The bill under discussion, the Nuclear Weapon Free Iran Act of 2015, known as the Kirk-Menendez bill, began being circulated out of the Senate Banking Committee on January 16th. It threatens to expand sanctions on Iran should it not come to a comprehensive nuclear deal by the official deadline of July 1, 2015. Ahren believes that no one will change their position as a result of this speech, because the legislators are already familiar with the issues, and have already made their decision on how to vote when the Kirk-Menendez bill comes before the House and Senate. He fears that Bibi’s speech “might actually lead the Iran sanctions bills to fail when otherwise they might have succeeded, according to several experts, including top officials in Jerusalem.” In other words, his sources tell him that the affront to the White House “will lead some Congressmen who originally favored the sanctions bill to vote against it, making its success virtually impossible.” An Israeli expert on U.S-Israeli relations told him that “Netanyahu’s actions were so blatant that some Democrats, who might otherwise support more sanctions, will side with the president.”

This argument, however, has lost force as a result of developments that took place today. An important group of Senate Democrats — including Menendez and New York’s Chuck Schumer –has told the administration in a letter that they will not support a vote on the sanctions bill until March 24th, therefore  putting off  what had previously been imminent. And if a vote was taken, with Democrats holding off, the Kirk-Menendez bill would not have enough votes to overtake a presidential veto. They also told Obama, as the Times of Israel reports, they will support passage “only if there is no political framework agreement because, as the letter [to the President] states, we remain hopeful that diplomacy will succeed in reversing Iran’s ability to develop a nuclear weapon capability.” The letter ended, however, with the understanding that “they remain very skeptical that Iran is committed to making the concessions necessary to demonstrate to the world that its nuclear program is exclusively peaceful by March 24.”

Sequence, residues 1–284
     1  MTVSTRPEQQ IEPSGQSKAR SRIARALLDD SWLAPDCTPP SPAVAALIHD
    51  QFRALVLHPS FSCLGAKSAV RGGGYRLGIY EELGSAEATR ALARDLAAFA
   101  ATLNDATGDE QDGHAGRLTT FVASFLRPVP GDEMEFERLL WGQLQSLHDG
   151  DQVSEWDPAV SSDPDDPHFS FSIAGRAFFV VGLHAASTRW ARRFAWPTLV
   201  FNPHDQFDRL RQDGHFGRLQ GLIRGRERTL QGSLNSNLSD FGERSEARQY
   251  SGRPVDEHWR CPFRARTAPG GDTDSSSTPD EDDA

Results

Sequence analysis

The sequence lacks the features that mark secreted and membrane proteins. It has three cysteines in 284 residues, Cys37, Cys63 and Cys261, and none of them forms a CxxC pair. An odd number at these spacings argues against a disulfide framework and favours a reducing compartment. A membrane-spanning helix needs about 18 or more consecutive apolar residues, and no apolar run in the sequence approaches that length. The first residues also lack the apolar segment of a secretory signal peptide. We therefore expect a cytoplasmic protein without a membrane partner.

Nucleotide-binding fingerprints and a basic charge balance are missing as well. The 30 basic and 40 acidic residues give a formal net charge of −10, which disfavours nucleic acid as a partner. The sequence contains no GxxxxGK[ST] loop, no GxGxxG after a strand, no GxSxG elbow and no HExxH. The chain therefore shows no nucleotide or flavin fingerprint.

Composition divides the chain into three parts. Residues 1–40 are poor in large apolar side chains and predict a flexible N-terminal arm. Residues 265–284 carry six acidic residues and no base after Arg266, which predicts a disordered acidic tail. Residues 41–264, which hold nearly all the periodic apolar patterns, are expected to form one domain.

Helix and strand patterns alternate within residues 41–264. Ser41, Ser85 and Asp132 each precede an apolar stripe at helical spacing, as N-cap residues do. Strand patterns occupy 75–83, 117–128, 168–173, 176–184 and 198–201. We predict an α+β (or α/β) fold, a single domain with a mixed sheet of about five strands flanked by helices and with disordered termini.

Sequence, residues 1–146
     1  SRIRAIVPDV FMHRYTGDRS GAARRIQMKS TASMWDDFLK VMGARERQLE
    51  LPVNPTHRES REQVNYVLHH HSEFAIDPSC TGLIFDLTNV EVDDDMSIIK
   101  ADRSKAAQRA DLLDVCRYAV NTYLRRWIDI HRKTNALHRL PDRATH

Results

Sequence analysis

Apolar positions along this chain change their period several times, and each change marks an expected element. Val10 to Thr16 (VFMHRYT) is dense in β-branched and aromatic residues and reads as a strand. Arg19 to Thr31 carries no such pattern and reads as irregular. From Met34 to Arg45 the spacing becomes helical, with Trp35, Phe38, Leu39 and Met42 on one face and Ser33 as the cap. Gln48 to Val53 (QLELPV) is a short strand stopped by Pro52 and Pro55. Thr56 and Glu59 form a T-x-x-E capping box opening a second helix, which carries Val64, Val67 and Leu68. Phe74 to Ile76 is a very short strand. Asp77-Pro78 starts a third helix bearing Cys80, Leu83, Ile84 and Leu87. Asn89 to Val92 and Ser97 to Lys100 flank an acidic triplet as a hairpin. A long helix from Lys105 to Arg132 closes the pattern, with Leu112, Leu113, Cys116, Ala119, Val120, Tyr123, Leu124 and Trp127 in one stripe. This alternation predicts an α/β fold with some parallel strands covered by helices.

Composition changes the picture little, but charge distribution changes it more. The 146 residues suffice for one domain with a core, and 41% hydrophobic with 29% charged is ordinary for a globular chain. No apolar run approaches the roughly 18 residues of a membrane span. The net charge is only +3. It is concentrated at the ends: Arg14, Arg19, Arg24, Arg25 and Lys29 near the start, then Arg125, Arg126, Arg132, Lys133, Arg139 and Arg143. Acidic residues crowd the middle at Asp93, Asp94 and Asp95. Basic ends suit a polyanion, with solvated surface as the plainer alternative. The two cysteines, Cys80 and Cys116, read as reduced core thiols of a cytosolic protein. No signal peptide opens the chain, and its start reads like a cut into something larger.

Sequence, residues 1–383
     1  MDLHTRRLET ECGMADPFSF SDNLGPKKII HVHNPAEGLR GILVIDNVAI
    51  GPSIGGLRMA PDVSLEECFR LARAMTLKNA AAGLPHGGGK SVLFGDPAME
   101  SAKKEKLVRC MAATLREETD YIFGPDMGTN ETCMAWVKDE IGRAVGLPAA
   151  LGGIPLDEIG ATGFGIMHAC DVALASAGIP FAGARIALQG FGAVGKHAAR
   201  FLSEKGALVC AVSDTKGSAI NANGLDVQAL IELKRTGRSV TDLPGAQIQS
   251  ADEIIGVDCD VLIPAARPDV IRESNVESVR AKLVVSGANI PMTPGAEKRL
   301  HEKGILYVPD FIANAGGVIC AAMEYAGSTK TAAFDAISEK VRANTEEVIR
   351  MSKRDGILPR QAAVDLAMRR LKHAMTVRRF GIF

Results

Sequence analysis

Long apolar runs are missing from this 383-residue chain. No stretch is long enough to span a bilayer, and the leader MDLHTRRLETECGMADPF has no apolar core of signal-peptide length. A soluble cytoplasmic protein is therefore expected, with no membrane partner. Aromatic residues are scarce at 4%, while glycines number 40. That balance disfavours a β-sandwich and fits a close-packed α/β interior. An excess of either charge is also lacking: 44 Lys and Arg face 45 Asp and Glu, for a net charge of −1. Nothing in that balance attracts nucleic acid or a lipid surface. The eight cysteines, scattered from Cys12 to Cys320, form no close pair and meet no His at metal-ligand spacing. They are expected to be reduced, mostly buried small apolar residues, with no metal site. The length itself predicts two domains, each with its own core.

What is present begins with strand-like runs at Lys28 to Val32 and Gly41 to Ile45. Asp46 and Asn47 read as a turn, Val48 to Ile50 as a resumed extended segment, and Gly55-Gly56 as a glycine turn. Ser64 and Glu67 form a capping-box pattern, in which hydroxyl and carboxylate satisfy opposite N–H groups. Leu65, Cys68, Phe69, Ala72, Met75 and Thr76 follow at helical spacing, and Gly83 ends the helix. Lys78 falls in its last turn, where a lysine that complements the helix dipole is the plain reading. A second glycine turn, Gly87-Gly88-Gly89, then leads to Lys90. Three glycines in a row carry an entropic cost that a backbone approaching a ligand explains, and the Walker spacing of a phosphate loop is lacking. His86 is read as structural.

So while the Democrats have delayed acting until March, a step that appears at first glance to  give Obama more time to negotiate while Iran enriches its stockpile and builds more centrifuges, in reality, as The Hill reports, in effect the letter “warned the White House” that they will vote for a sanctions bill in two months — not a long time period — if Iran does “not roll back the country’s nuclear program.” Moreover, in addition to Democrats Menendez and Schumer, there will now be 10 additional Democrats pledging to do so in both the House and Senate. The signers include Richard Blumenthal (Conn.), Gary Peters (Mich), Bob Casey Jr. (PA), Ben Cardin (MD), Chris Coons (Del), Joe Manchin (W.Va.), Joe Donnelly (Ind.) and Debbie Stabenow (Michigan). These Democrats have made it clear that they are not buying the administration’s line that to put forth a sanctions bill will empower those so-called hard-liners in Iran.  To the contrary, they argue that a bill would put serious pressure on the Iranian regime to pull back, which they will not do without the pressure of sanctions. On the other hand, their move gives the administration a little breathing room and forestalls Republicans who would have wanted to act more quickly.